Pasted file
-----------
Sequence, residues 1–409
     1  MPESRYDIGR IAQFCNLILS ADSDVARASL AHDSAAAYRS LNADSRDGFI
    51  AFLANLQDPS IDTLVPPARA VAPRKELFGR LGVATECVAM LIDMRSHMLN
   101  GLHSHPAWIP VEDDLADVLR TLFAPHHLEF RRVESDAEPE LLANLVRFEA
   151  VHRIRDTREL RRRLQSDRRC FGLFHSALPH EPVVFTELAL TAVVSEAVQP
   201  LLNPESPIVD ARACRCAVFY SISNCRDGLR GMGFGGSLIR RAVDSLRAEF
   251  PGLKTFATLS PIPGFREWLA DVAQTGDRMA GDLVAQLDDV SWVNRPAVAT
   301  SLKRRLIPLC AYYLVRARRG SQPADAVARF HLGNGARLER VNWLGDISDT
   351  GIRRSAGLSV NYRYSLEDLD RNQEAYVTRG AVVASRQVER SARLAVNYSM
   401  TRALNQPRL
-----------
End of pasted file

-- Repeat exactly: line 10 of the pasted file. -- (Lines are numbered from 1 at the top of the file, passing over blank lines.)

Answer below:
   401  TRALNQPRL